Exploring the history of Phoenix, Arizona and a little bit of Los Angeles and San Francisco, California. This blog is advertising-free, and is supported by my subscribers on Patreon. History adventuring posts are shared there daily. The basic tier is a dollar a month, and the PhD tier, which includes "then and now" photos, billboards, aerials, videos, and super high-definition photos, is five dollars a month, and is discounted for seniors, veterans, and students. If you're a subscriber, thank you! You make this happen!
Why there's so much empty land west of the 101 freeway
If you've been to the football stadium in Glendale, Arizona, you've seen a lot of empty land west of the 101 freeway that runs just to the west of it. And when you consider how much the Phoenix metro area has sprawled in the last few decades, you may wonder why this land is still mostly gravel pits, raw desert, and farmland. It has to do with the floodplain of the Agua Fria River.
Now waitaminute, don't get carried away with the word "river". Like all of the rivers, and creeks, etc. on maps in the Phoenix area, the Agua Fria is a riparian wash. That it, it's a place in the desert that water flows through after a rain, and then dries up mostly. It's like Skunk Creek, or New River. These are washes. Unlike the creeks and rivers where I grew up, in Minneapolis, which have water in them all of the time, the rivers and creeks around Phoenix are usually dry. In the summer they're bone dry, and in the winter they can go from carrying water in spots, to just being kinda muddy. If you've ever hiked through washes, you know that.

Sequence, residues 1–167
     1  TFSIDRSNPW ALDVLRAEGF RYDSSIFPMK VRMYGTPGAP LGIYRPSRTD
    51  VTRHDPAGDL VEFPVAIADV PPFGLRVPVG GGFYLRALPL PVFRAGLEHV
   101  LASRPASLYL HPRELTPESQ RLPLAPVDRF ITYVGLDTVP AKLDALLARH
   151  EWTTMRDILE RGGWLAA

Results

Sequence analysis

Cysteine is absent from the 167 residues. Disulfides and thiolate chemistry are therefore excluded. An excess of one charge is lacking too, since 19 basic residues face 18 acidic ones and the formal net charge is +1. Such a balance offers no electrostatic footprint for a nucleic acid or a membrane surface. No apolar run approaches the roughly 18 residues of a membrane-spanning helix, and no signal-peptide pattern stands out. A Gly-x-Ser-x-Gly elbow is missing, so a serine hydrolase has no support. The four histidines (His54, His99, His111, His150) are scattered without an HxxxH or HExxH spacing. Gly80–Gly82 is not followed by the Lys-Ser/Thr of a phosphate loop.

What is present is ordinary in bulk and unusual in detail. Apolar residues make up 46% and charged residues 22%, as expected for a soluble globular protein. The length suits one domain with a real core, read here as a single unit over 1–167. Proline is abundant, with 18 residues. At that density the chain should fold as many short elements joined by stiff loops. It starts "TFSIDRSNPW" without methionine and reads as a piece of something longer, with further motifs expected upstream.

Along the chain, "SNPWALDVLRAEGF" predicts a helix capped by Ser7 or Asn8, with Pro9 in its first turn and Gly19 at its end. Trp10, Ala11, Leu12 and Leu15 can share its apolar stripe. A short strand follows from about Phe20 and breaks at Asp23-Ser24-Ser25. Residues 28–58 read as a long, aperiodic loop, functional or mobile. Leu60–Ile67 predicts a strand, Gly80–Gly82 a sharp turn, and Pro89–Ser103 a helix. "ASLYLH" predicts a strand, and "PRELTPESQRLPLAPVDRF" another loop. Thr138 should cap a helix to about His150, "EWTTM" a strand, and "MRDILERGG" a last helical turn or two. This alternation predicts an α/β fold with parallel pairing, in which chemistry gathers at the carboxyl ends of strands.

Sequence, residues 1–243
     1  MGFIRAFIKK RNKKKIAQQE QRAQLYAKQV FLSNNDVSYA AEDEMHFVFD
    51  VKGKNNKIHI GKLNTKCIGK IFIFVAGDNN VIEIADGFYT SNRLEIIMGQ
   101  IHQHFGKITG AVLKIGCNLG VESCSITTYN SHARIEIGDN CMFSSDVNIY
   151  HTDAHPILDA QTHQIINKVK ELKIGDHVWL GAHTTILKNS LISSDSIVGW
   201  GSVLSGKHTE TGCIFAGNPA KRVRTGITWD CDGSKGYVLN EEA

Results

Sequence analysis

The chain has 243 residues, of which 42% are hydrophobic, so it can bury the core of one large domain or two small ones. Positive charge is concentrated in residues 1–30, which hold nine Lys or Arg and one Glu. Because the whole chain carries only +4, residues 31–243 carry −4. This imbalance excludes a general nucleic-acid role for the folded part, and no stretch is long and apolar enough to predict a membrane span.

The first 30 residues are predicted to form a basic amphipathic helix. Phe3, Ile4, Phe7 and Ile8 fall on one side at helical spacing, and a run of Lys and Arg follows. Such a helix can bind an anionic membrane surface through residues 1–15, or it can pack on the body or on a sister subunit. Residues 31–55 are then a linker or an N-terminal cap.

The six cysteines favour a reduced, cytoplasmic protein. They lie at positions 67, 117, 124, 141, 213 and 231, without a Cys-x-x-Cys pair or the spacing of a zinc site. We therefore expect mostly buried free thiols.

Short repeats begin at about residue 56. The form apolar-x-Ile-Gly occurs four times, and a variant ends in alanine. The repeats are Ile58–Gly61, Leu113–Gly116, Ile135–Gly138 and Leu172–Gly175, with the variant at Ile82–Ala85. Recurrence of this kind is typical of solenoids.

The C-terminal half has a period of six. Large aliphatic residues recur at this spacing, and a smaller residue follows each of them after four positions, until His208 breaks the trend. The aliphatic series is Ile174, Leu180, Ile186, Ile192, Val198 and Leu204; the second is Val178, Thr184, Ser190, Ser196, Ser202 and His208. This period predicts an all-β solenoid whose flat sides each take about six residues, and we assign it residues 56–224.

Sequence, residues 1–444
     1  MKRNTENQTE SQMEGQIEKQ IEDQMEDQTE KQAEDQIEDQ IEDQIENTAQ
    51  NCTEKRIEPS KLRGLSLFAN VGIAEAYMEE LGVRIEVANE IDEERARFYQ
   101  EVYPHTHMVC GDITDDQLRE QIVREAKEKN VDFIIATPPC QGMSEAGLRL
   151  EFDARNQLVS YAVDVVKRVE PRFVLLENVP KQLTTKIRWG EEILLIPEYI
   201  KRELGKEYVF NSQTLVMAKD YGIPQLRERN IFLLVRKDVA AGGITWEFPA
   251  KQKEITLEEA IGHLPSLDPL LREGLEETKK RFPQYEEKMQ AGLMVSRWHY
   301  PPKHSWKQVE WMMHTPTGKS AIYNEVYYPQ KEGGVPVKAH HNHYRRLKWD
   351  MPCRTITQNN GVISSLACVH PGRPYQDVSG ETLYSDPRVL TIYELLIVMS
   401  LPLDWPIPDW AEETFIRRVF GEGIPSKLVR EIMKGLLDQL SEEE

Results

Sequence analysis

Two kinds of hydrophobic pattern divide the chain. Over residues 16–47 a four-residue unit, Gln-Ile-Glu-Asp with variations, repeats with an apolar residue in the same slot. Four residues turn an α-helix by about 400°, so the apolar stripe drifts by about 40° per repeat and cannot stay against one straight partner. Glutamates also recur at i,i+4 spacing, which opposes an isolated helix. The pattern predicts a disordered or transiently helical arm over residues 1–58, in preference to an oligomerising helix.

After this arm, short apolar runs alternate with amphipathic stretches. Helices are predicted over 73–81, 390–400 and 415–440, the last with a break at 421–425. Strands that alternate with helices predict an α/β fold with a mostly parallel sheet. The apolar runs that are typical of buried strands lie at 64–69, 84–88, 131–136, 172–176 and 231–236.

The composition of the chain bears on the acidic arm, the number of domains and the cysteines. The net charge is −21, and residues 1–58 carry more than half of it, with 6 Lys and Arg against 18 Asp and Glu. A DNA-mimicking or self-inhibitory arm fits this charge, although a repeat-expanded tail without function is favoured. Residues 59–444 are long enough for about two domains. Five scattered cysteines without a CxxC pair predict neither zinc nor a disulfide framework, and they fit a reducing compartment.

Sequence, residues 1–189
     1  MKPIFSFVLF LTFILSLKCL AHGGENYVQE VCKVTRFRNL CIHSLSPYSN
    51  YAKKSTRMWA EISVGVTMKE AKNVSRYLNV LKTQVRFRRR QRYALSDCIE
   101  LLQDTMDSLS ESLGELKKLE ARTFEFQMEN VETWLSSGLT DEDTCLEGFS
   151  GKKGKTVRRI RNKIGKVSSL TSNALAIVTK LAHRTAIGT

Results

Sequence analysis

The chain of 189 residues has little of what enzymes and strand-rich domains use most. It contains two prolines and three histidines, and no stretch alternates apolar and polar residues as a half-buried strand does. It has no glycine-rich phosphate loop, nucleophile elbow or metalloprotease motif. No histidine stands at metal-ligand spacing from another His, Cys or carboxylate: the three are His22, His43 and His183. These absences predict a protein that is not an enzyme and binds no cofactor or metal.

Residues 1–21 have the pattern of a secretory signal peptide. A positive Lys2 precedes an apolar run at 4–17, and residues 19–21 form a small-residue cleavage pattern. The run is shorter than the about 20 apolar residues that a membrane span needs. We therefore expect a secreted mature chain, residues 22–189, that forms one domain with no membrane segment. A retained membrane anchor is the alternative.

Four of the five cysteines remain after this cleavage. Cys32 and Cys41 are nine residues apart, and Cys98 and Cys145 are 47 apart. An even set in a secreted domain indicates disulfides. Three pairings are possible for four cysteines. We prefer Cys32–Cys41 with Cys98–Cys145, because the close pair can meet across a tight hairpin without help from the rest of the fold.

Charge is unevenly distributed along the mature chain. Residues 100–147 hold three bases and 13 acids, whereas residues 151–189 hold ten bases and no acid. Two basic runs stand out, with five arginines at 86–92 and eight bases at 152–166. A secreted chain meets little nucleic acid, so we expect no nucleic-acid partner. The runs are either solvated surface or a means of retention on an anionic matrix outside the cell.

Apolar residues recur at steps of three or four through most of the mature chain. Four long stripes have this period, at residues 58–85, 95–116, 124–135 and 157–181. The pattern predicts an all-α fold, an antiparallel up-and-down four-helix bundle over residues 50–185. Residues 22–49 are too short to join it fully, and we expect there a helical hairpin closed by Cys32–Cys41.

Yesterday, after visiting the Farmer's Market at West Park Mall (99th Avenue and Northern) I wandered over to look at the Agua Fria River. The mall is, essentially, on the eastern banks of New River. As you go west, you're heading for the banks of the Agua Fria River (which is the photo at the top of this post). Of course, like I say, it's not exactly like standing on the banks of the Mississippi River, because there isn't water in there all of the time, but if you look at a satellite view of the area just west of 111 Avenue you can see what is essentially the "high water line", and the subdivisions abruptly stop. The floodplain is so enormous that as you drive through it, it's hard to get a sense of the width of the river, which at that point is at the middle just east of El Mirage Road, and the land rises up again just before you get to Dysart Road.
Controlling the floodplain of the Agua Fria River has not been a priority for the Phoenix metro area. After all, there are a LOT of places to build houses and businesses in, with no need for massive flood control, so I don't expect that the Agua Fria Flood Plain will be a flood control project that I'll see in my lifetime. It really just makes sense to leave it there, and work around it. Certain businesses (and even some homeowners) are OK with being in a flood plain, and if it gets too wet there, they'll just deal with it.
Controlling the floodplain of the Agua Fria River will be a massive project, possibly the biggest that the valley area has ever done. I'm no engineer, but my best guess is that it will be done with gigantic underground storm drains. And once it's done, like all of the other floodplain projects in Phoenix (including the Cave Creek Floodplain, which had been catastrophic for Phoenix for years), it will be forgotten. Neighborhoods will be built there. The landfill will probably be converted into a golf course, like the Cave Creek landfill (now the Cave Creek golf course) was.
Image at the top of this post: Looking west across the Agua Fria River at about 111th Avenue and Northern, Peoria, Arizona. You're looking toward the White Tank Mountains.
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Posted by Brad Hall